To all my relations
When I design a garden creating relations is the way and the goal combined. When I work with people I adhere to the same credo. Especially in the beginning of a group process it demands active facilitation so that we start to grow a collective responsibility for it.
With this in mind I recently started of a co-creation session with a diverse group of people, ranging from schoolkids to public servants. I wanted for everyone to feel connected and to be invited to contribute, regardless of experience or job title. Instead of the usual round of introductions I took a ball of string. I have done this exercise mapping relations in nature, and I thought it might work just as well for human relations. I then invited everyone to pass the rope to someone they knew and introduce each other.
Although it was our first time together, a web of relations started to emerge. As the circle progressed, more and more people mentioned they had gotten to know each other through the garden we are only beginning to create. After that I invited everyone to consider all their relations beyond our group and all the people that could help us in the project and imagine them there.
Not only did this exercise connect us with each other but also to the place we were standing. The garden was no longer something passive, but something that was actively building new relations among people. The garden as a facilitator? I imagine the earth has always connected humans… and ‘boom’ I finally understood the idea of place making, what it really means.
I was reminded of a Lakota saying: to all my relations or ‘mitakuye oyasin.’
Mitakuye Oyasin is often said with gratitude to our ancestors during various Native American ceremonies. It expresses that we are all interconnected and in relationship with everyone and everything, including of course the ground we stand on.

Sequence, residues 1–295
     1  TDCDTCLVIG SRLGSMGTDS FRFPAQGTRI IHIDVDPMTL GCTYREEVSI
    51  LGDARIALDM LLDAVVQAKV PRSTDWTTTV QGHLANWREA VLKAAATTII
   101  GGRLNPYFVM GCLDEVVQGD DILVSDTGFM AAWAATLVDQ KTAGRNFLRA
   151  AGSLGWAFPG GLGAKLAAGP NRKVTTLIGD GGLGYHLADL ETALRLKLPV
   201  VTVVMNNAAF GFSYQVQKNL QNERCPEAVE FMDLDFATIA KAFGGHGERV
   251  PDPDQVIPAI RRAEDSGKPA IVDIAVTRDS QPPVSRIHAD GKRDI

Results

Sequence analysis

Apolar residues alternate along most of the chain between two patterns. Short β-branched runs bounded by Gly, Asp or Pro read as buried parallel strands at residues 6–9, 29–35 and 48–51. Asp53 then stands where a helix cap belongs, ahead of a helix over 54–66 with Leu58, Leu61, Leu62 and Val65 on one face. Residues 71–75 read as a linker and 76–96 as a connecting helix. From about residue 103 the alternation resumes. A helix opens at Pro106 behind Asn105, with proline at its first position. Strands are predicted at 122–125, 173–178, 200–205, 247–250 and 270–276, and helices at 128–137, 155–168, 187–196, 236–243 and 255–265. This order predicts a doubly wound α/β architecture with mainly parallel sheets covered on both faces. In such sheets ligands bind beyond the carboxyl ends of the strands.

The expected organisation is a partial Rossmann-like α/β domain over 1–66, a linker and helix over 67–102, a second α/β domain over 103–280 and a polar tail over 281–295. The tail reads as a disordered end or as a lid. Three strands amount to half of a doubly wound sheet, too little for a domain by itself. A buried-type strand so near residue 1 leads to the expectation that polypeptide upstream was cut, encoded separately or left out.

Lakota drawing, unknown artist
Creation as an outcome of being
Whether it’s relationships between people or between us and non-humans, often it is a ‘becoming aware of relations’ that in itself creates change in ourselves and in our surroundings. In that way we are different from plants and animals, they create without awareness, as an outcome of being.
Being is exactly what we humans struggle with as we are constantly busy doing. We are forever running after goals and targets and forget the process of creation. We have this deep felt need to understand what we do before we do it. But by tapping into the wider web of life and relations we can find a different type of understanding.
Personally I find it very empowering to think that we are not standing alone as individuals but as members of a web that extends beyond us, that enhances our limited capacity and vision and even prolongs our limited time on earth. But it may require some letting go of our individual need for control in order to expand ‘beyond ourselves.’
By facilitating relations I feel I’m at least getting closer to achieving that. As a gardener of plants, people and communities I place myself firmly in the web of life, watching it unfold.